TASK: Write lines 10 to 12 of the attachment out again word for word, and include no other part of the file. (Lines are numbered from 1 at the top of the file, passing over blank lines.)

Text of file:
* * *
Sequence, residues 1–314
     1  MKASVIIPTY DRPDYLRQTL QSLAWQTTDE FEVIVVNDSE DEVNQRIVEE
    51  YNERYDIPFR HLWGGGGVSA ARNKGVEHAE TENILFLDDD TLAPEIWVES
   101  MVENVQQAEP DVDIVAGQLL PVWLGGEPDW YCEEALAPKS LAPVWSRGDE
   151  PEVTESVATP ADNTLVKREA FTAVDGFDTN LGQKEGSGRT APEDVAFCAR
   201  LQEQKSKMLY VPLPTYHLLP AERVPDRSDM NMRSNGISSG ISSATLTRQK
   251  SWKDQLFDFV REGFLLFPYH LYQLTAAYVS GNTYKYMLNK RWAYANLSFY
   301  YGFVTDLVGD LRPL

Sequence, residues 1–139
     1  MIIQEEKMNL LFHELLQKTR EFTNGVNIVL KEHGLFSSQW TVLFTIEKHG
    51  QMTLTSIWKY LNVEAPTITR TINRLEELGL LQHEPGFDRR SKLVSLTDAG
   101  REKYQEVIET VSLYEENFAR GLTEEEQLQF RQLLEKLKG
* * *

     1  MIIQEEKMNL LFHELLQKTR EFTNGVNIVL KEHGLFSSQW TVLFTIEKHG
    51  QMTLTSIWKY LNVEAPTITR TINRLEELGL LQHEPGFDRR SKLVSLTDAG
   101  REKYQEVIET VSLYEENFAR GLTEEEQLQF RQLLEKLKG